The starting routine and main rotor engagement process being something that will live with all of us until we pass on…The smell of AeroShell 50W oil burning in the lower cylinders when she first fires up and starts to come to life. The sharp smell of 115/145 Aviation Fuel when you are standing behind the engines with the fire bottle. Those two fire breathing 18 cylinder engines coming to life in a large cloud of blue oil smoke, the shaking of the airframe, at first the uneven rattle of the exhaust note from the two augmenter tubes on each engine nacelle that shortly smooths out and gives you the confidence that they are ready to take you into battle. And bring you back home. When both engines are running smoothly, the cylinder head and oil temps are in the green, the pilot flips the switch to start pumping oil into each of the engines fluid clutches. And the main and tail rotor begin to turn… The pilot brings the engine RPM up to around 2000 RPM then chops the throttle. The two mechanical clutches do their positive engagement and the pilot continues to run up the engines until the main rotor is at its operating RPM. The Crew Chief on the ground taps his head with his finger tips and points both thumbs outward. The droop stops are out. And the mission begins…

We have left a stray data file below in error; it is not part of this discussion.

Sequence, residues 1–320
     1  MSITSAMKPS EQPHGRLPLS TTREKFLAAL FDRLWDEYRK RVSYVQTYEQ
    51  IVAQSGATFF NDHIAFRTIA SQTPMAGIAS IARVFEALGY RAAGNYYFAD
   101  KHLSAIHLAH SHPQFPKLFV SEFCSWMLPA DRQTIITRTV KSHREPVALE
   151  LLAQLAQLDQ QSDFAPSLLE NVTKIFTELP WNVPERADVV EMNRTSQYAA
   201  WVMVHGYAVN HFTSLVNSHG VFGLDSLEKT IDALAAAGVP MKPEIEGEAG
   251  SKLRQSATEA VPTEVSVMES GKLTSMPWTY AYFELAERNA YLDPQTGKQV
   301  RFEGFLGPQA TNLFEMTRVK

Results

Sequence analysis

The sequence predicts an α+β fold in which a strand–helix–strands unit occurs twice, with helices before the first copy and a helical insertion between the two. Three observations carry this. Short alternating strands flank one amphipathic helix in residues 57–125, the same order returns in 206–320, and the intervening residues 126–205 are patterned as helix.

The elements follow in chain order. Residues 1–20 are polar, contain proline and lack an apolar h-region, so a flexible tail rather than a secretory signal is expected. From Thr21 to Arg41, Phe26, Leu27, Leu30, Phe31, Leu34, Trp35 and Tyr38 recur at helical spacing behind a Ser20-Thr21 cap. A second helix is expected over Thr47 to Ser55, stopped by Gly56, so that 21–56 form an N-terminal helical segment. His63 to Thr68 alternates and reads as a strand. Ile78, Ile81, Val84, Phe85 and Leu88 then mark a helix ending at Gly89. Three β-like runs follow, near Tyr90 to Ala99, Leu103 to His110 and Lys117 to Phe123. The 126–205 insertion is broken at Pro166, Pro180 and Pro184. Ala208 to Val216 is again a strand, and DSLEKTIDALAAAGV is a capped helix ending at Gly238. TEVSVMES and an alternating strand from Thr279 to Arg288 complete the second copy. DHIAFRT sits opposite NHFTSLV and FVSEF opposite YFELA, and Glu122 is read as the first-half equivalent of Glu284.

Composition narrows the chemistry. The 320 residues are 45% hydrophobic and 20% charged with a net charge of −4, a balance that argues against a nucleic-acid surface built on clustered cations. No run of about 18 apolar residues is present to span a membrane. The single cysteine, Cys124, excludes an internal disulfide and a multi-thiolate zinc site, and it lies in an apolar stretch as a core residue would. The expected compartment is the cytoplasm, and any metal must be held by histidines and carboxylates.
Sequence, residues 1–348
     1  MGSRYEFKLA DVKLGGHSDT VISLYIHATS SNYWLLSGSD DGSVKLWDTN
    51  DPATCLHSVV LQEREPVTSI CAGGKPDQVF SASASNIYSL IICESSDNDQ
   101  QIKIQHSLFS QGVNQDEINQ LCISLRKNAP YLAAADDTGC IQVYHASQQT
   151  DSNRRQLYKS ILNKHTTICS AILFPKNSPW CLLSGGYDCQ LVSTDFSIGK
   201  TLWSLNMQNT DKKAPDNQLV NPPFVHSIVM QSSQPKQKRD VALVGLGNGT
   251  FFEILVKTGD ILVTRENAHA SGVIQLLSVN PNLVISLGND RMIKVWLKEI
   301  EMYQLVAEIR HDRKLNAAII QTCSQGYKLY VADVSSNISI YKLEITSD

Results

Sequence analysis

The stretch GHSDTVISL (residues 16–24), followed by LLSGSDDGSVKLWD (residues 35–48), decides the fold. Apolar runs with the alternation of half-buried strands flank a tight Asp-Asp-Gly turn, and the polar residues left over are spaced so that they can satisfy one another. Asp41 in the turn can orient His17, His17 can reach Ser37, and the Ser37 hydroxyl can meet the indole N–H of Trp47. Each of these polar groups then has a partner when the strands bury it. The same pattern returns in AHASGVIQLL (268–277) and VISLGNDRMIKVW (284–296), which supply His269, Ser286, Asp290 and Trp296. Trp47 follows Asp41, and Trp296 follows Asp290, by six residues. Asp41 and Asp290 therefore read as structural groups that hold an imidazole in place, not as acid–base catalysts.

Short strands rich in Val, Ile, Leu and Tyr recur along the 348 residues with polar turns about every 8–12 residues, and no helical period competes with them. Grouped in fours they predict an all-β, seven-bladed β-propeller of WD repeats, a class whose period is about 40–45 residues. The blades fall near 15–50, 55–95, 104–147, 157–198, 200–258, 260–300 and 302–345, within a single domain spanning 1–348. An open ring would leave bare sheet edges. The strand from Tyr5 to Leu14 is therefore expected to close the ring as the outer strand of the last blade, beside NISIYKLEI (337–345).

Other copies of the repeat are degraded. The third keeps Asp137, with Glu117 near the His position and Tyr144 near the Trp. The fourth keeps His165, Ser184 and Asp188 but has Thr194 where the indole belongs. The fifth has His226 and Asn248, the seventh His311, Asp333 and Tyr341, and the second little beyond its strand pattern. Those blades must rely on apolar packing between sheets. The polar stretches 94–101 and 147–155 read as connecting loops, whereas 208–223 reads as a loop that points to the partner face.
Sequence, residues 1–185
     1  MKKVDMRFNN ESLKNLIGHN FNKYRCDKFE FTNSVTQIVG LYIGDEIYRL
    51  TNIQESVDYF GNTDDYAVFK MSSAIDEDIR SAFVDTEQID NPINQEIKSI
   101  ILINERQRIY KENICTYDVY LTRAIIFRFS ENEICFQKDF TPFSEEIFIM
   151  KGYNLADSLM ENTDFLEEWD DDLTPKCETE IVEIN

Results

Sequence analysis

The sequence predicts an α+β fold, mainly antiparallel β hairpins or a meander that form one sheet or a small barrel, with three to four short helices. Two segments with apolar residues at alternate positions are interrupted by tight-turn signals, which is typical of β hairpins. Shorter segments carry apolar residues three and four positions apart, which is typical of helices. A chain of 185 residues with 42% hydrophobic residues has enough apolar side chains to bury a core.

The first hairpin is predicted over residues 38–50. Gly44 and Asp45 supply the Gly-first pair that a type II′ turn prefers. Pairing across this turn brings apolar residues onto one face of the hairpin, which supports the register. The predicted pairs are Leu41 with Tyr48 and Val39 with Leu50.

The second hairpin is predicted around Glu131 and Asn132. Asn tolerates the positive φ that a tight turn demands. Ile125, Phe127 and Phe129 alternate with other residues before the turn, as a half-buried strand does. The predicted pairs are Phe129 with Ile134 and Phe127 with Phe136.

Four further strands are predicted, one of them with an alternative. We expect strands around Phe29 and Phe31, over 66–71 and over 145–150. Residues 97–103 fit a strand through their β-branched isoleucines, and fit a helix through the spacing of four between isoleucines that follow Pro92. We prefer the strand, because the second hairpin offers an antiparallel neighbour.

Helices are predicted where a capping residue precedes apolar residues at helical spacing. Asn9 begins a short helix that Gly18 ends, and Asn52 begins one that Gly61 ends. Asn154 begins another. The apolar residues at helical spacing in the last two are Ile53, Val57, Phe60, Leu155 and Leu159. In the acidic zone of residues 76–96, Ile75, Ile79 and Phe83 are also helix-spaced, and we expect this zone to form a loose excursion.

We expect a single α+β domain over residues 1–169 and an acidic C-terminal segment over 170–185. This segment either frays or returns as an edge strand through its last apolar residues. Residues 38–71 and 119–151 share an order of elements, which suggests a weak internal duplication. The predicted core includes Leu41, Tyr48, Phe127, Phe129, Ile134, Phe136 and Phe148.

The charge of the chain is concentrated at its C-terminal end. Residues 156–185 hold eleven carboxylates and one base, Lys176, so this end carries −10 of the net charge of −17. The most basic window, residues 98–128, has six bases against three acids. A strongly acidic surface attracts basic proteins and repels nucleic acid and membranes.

Those who haven’t flown a large, lumbering machine like these into battle just won’t understand the attachment the crew has with them. The two fire breathing 18 cylinder engines, the fuselage panels and parts of aluminum, steel, and magnesium that form her body; the miles of electrical wiring and hydraulic lines that bring her to life. The symphony of those two fire breathing engines that say “We can do this!” And she always brings you back. Always. It is a bond that you have with her. I feel blessed that I was able to serve on these aircraft during that war. She truly was the last of her breed. We made our mark Brothers…And the aircraft that we served on certainly made her mark in Army Aviation history. I thank all who served on those aircraft".
We done good boys…

SP/5 Scott J Drew
56th Transportation Company (Aircraft Direct Support)
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Old 11-19-2017, 04:45 AM   #81
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Great history thread John. Again thanks for taking the time to create this thread and posting photos and background about Scott's service in Vietnam.
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56th Transportation Co Vietnam
Old 11-19-2017, 06:16 AM   #82
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You are welcome Ralph,
As the obtaining of an 'item' starts to mean less to me.
This really has been a pleasure!

John.